Styled System Revisited

Much has changed in the world of Styled System since my last post. There are fewer packages to deal with; it is much more performant and has a more straightforward and powerful API. I recently helped build Rangle’s open-source design system kit, Radius. We used Styled System, and it was a great experience. It remains my preferred tool for building design systems. However, I did have to update my understanding of the tool and adopt newer architectural patterns.

The Design Graph

The foundation of the Styled System API is the Design Graph — a constraint-based system for organizing styles in UI design. It consists of four parts: scales, theme, variants and components.

Scales

Design Tokens is a familiar term by now. They define the visual characteristics of a brand or a product such as typography, colours, icons, and spacing. They make it easier to maintain a scalable, consistent system for UI development.

Design tokens can have a broad set of responsibilities. They span both design tools & code and can support multiple render targets such as the web, iOS, Android and even embedded devices. You can think of scales as a subset of design tokens that map to specific CSS style properties. For example, typography tokens can map to font-size, font-weight and line-height scales.

Theme

The theme is a collection of all the scales and is maintained in a theme.ts file. The shape of this theme object conforms to the System UI Theme Specification.

You might have multiple versions of the theme. For example, to switch between different brands or perhaps colour modes (dark & light). Radius is excellent real-world example.

Components

Components allow you to split the UI into independent and reusable pieces. Styled System provides functions to connect component styles to the scales.

// styled-components is a CSS-in-JS Library
import styled from 'styled-components';

// styled-system provides functions that add props to React components
// which allow you to control styles based on design tokens.
import { space, layout, color } from 'styled-system';

// The Box component is now connected to Space and Color tokens
export const Box = styled.div(space, color);

Now, this component will have style props available to set foreground color, background color, margin and padding values.

/**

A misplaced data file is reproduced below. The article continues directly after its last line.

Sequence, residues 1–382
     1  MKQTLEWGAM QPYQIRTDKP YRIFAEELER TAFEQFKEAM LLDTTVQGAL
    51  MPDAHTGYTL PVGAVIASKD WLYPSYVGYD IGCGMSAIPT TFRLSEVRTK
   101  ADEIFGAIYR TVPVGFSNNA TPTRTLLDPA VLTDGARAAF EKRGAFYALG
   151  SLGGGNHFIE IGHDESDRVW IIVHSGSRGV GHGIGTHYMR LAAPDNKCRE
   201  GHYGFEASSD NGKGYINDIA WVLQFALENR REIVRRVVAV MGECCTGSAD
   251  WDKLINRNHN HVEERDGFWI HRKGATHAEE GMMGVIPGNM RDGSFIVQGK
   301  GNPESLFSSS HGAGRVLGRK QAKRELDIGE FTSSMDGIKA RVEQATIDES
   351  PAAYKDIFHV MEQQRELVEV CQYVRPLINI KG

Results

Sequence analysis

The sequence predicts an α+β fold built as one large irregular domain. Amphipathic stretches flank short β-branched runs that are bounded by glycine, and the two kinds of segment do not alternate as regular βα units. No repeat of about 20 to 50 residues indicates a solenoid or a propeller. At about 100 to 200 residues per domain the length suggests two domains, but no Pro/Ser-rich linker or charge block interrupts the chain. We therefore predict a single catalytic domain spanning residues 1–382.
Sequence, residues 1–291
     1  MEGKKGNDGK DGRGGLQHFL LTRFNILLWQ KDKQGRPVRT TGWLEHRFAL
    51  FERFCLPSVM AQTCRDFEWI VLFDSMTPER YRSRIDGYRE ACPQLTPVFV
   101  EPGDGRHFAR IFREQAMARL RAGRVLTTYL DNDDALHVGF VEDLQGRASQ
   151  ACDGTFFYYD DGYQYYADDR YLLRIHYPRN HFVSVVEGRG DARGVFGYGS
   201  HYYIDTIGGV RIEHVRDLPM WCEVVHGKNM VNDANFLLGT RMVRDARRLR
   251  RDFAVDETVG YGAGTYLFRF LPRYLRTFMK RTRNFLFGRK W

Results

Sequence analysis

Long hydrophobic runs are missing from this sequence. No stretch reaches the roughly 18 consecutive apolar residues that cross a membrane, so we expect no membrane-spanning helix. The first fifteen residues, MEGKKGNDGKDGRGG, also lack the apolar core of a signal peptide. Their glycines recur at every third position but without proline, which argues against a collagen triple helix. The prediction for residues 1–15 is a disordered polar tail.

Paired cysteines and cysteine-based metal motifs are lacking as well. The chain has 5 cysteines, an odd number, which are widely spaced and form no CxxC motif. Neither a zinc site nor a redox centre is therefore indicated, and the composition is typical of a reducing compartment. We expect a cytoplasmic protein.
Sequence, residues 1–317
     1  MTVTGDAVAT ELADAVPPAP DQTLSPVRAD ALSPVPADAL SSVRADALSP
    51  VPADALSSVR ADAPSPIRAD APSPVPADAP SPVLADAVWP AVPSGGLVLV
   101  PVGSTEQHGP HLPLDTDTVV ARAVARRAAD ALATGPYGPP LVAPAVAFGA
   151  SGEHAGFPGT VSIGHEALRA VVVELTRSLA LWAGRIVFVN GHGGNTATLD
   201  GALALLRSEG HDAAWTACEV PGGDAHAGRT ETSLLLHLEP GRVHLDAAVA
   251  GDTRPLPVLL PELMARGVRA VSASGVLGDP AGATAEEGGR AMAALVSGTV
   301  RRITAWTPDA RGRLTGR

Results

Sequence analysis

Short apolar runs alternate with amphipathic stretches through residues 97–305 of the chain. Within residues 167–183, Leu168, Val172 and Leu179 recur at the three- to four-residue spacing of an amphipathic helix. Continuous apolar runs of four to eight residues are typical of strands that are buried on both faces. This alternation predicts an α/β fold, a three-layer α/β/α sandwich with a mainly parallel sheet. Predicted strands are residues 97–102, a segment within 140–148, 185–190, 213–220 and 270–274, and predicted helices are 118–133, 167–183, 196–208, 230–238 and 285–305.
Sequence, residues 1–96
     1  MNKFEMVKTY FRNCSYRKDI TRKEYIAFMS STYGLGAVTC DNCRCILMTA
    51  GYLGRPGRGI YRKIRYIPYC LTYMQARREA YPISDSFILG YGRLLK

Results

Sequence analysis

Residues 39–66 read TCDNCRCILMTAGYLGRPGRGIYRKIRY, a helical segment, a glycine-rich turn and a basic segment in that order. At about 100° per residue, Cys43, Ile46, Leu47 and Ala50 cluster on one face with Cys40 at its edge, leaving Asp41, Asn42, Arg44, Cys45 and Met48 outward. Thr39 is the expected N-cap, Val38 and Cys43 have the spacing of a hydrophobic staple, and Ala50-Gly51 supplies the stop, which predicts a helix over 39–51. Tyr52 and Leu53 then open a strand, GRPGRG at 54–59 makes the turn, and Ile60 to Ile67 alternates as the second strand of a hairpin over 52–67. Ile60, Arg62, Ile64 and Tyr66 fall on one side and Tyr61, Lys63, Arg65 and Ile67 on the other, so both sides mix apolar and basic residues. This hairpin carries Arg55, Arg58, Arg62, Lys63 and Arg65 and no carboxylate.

* Color maps to theme.colors.textEditorial
 * background color maps to theme.colors.background[1]
 * Padding maps to theme.space[3]
 */
<Box color="textEditorial" bg="bg.primary" p={3}>
  Tomato
</Box>

Variants

There are situations where you might want to support slight stylistic variations of components. For example, a button might have primary, secondary and transparent variants.

Styled System variants allow you to apply a set of visual styles to a component using a single prop.

Let’s consider typography variants. In Figma, you define reusable typography as text styles. A text style has predefined values for font-family, size, weight and line-height.

An example of text styles defined in Figma

In code, use the variant function to define typography variants.

text.ts
const textVariants = variant({
  variants: {
    body: {
      fontFamily: 'body',
      fontWeight: 'regular',
      lineHeight: 'copy',
      fontSize: 2,
    },
    caption: {
      fontFamily: 'body',
      fontWeight: 'medium',
      lineHeight: 'copy',
      fontSize: 2,
    },
    label: {
      fontFamily: 'heading',
      fontWeight: 'regular',
      lineHeight: 'solid',
      fontSize: 1,
    },
  },
});

export const Text = styled.p`
  ${compose(
    space,
    color,
    typography
  )}
  ${textVariants}
`;

These variants map back to the scales.

theme.ts
{
  fonts: {
    body: '"Helvetica Neue", sans-serif',
    heading: '"Roboto", sans-serif',
  },
  fontWeights: {
    regular: 400,
    medium: 500,
    bold: 700,
  },
  lineHeights: {
    solid: 1,
    title: 1.25,
    copy: 1.5,
  },
  fontSizes: [12, 14, 16, 20, 24, 32, 48]
}

The Text component can now use the variant prop to switch between lead, body and label styles.

<Text variant="body" />
<Text variant="caption" />
<Text variant="label" as="span" />

Example

Let’s look at a complete example. The Field component here is a composition of the Input, Label and Text components, which, in turn, use a composition of scales and variants. The Hint and Error texts are the Text component with the variant set to hint and different colour values.